Cruising Carnival Part I: Mardi Gras, New Orleans

The first Mardi Gras in the US was actually held in 1703 in Mobile, Alabama, then the capital of French Louisiana. There was significantly less traffic back then. 

iStock_000024871576Large

Worry not, Wazers- most people are walking during Mardi Gras.

Major holidays tend to mess with city travel, especially when they occur on weekdays or involve multiple parades. The annual celebration of Carnival combines both! So we’ll look at a few cities around the world this week to give you an idea of what to expect as we approach the end of the season. We begin with New Orleans, LA, famous for its Mardi Gras celebration.

The Big Easy Driving

 

 

Though “Mardi Gras” refers to the Tuesday directly before the Catholic period of Lent, celebrations can sometimes begin more than a month before the actual date.

Last year’s celebrations began Saturday, February 15 and lasted through Tuesday, March 4. Mardi Gras in New Orleans typically starts slow, but continually builds with more parades, more events and especially more people in the streets adorned with masks and beads. At the time of the writing of this article, parades (which can sometimes make driving difficult) have been occurring regularly since Tuesday, January 6, and will continue through the actual date of Mardi Gras, February 17.

From the beginning of Mardi Gras through its close on Tuesday, March 4, a few things are immediately noticeable:

  • Active usage increases
  • Increases in daily driven miles
  • Increases in alerts by drivers

The opening weekend of Mardi Gras last year saw significant spikes in active usage compared to normal, with 33% and 49% increases February 15 and 16, respectively.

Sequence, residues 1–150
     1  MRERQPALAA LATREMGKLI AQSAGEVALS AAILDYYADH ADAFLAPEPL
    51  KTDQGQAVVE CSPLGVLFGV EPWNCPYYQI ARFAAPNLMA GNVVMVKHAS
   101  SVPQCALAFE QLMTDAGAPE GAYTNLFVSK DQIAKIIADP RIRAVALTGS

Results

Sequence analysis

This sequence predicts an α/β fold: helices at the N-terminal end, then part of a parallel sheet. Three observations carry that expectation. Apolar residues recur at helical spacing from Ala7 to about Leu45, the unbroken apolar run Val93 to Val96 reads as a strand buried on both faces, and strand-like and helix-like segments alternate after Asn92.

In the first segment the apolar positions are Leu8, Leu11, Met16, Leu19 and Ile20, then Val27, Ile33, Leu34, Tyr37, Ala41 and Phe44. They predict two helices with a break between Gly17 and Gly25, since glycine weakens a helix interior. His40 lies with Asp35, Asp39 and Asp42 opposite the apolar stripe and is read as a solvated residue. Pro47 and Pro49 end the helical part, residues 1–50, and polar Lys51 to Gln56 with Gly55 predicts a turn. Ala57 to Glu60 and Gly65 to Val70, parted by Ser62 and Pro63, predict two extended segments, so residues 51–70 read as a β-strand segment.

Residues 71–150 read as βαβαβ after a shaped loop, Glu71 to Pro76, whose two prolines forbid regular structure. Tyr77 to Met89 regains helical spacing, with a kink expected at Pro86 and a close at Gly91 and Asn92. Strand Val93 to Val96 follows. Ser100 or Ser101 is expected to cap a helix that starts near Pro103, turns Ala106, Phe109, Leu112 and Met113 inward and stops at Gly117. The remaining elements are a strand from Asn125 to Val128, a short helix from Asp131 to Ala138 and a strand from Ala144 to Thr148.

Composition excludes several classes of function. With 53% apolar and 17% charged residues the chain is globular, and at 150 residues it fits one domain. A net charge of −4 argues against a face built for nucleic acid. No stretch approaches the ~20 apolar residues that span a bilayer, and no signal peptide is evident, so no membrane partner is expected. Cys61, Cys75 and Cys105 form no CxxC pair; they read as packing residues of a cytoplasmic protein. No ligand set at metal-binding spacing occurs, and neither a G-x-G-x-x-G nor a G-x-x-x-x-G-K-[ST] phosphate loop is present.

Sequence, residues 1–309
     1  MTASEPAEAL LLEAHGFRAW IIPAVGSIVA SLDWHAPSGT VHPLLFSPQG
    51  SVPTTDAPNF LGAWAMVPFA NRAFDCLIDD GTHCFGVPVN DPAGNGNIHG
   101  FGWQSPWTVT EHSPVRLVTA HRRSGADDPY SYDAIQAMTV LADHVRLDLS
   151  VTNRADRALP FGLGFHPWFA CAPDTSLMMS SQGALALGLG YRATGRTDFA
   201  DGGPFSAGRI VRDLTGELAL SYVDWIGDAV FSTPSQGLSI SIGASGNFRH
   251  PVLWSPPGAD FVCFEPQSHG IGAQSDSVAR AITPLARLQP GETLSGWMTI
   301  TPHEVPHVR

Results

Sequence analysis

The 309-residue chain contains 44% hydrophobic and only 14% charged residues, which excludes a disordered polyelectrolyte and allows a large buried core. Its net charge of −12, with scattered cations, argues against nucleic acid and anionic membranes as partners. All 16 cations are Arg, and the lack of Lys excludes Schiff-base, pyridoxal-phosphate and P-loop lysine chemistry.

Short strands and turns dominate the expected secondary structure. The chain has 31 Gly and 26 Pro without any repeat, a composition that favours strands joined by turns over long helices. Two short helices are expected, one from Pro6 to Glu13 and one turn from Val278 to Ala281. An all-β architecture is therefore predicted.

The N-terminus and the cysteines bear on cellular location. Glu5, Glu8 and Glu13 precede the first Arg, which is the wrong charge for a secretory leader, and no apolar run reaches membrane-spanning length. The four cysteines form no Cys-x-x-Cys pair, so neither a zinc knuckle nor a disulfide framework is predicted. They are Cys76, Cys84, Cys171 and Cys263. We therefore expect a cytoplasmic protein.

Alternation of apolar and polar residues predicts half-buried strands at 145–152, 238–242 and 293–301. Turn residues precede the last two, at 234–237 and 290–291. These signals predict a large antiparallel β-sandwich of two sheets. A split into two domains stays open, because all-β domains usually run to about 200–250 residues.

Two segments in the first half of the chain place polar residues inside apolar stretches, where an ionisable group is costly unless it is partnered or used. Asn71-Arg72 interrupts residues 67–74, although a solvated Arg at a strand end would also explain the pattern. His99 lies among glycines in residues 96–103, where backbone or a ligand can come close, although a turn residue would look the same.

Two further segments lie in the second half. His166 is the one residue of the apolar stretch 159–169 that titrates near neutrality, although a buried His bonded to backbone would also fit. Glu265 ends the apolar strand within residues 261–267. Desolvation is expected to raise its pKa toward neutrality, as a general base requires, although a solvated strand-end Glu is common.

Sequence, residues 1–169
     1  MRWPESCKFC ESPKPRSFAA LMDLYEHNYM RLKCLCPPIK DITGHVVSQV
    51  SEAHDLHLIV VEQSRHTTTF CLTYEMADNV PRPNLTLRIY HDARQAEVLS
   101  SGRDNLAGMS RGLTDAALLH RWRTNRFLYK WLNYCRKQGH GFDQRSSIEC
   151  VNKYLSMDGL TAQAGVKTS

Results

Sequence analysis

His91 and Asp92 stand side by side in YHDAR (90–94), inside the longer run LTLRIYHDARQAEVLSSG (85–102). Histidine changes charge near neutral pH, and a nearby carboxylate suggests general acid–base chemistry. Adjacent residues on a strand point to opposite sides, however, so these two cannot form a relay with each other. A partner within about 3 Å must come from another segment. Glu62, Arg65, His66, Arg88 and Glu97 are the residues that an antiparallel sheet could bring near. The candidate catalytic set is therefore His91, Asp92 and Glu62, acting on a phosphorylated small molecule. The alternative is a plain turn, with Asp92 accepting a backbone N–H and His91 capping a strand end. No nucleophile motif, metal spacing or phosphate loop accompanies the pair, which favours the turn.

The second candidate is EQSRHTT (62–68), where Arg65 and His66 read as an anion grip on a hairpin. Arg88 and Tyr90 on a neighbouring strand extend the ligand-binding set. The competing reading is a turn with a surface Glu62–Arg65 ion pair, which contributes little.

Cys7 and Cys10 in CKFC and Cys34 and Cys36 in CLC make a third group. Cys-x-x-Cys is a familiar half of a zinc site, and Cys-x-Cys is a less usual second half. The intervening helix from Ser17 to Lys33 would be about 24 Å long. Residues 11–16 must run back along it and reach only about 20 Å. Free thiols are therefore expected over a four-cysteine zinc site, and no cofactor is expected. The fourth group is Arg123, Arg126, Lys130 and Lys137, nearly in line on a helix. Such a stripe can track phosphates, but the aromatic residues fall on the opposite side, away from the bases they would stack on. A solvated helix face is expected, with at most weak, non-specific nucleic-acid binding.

Usage returned to average levels until Mardi Gras weekend (February 28 – March 4) where it increased 43%, 44% and 45%, Friday, Saturday and Sunday.

Incident reports were also up on those days well, at 39% – 60% more then average.

Out of the two weeks leading up to the big weekend, usage, alerts and miles driven increased on every one but three:

  • The Monday following opening weekend (February 17)
  • The Monday and Tuesday preceding Mardi Gras weekend (February 24 & 25).

Why? There wasn’t anything going on. Even in the 2015 schedule, there are no events or parades scheduled for those days. So if you’re a tourist looking to drive to The Big Easy this weekend, leave today, February 9 or tomorrow, February 10.

 

During home games, Incident reports increase 127% despite otherwise “quiet” days. Photo by Layne Murdoch.

If there’s a traffic hazard this week, it’s most likely not because of Mardi Gras. On February 9 and 11, Monday and Wednesday this week, there are two home games for the New Orleans Pelicans NBA Basketball team. Last year, reporting shot up 127% during a Pelicans home game on February 24, 2014, with reports of traffic increasing the most. Historically, this was one of the “quiet” Mardi Gras days since no parades are happening. We already know major city events create traffic so expect this to happen again.

In closing, some good news: according to data from last year’s Mardi Gras, the parades and celebrations don’t have a huge impact on traffic. Throughout the month average speeds hover around 30 MPH, and both drive times and lengths are standard compared to the rest of the year. Maybe more people are walking; maybe the parades are constrained to areas away from major commuting thoroughfares.

Or maybe, after more than 300 years experience, New Orleans knows what it’s doing.

Featured Image courtesy of the AP, via The Telegraph